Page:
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Case 5:17-cv-04019-SAC-KGG Document 28 Filed 06/02/17 Page 1 of 5




vs. Case No. 17-4019-SAC-KGG




This is a defamation action originally filed in state court

on October 31, 2016 and removed to federal court. The court has

dismissed defendant Angelica Hale from this action on statute of

limitations grounds. Defendant Dr. Melvin Hale, who has

proceeded pro se in this case and other litigation, has filed an

answer and a counterclaim. This case is now before the court

upon plaintiff’s motion to dismiss the counterclaim (Doc. No.

23) and Dr. Hale’s motion to stay (Doc. No. 24).

Motion to dismiss

Plaintiff is employed at Emporia State University (“ESU”).

Dr. Hale was an instructor at ESU. The counterclaim alleges

that plaintiff had a history of committing “micro-aggressions”

against the Hales. It further alleges that the Hales were

concerned that plaintiff was involved in a racial bias incident

at ESU. The Hales urged an investigation of the incident and

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participated in protests regarding race discrimination and the

university’s handling of the incident. In 2015, Dr. Hale filed

a lawsuit (Case No. 15-4947) against ESU, Rittgers and many

other defendants. The lawsuit alleged race discrimination,

First Amendment retaliation, defamation and other claims. The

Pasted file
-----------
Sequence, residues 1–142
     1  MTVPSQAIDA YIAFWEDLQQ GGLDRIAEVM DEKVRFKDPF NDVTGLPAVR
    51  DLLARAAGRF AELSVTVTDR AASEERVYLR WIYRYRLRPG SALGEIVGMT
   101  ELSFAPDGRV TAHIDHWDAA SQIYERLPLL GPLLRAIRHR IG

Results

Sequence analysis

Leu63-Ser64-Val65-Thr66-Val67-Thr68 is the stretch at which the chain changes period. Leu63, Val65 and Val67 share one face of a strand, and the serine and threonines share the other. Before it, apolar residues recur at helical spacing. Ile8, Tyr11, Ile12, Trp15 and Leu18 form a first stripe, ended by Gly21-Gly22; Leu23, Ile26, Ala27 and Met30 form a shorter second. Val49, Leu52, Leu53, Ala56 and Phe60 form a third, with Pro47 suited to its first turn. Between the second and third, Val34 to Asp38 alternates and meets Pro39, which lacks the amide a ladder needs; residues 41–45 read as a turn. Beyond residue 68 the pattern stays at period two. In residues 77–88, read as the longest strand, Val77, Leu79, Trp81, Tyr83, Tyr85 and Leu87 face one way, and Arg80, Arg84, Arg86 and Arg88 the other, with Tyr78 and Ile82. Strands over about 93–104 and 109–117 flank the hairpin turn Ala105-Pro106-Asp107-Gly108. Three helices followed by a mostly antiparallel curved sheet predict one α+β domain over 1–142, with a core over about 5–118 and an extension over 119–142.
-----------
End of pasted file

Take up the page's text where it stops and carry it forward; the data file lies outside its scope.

case was dismissed without prejudice upon Dr. Hale’s motion, but

Dr. Hale has since refiled the action (Case No. 16-4183).

Dr. Hale alleges in the counterclaim that plaintiff has

filed this lawsuit “to frustrate and silence Dr. Hale for

speaking out against racism.” Doc. No. 22, p. 16. He asserts

that this violates 42 U.S.C. § 1983. Id. at p. 22.

Plaintiff’s motion to dismiss asserts that the counterclaim

should be dismissed pursuant to the doctrine of res judicata.

Plaintiff contends that Dr. Hale’s counterclaim seeks to

relitigate a claim against plaintiff that Dr. Hale advanced in

Case No. 15-4947 and that the court ordered dismissed (Case No.

15-4947 at Doc. No. 57). Dr. Hale argues in his response to the

motion to dismiss that res judicata does not apply because he is

not pursuing the same action he asserted in Case No. 15-4947.

Doc. No. 27, p. 5. Rather, Dr. Hale states that he is alleging

“First Amendment [r]etaliation for [Rittgers’] alleging [in the

instant litigation] that [Dr. Hale] defamed her.” Id.

The court shall reject plaintiff’s res judicata argument.

The court applies federal law to determine the effect of a

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previous federal judgment. Hartsel Springs Ranch of Colo., Inc.

v. Bluegreen Corp., 296 F.3d 982, 986 (10th Cir. 2002). Under

Tenth Circuit law, res judicata applies when three elements

exist: (1) a final judgment on the merits in an earlier action;

(2) identity of the parties in the two suits; and (3) identity

of the cause of action in both suits. MACTEC, Inc. v. Gorelick,

427 F.3d 821, 831 (10th Cir. 2005) cert. denied, 547 U.S. 1040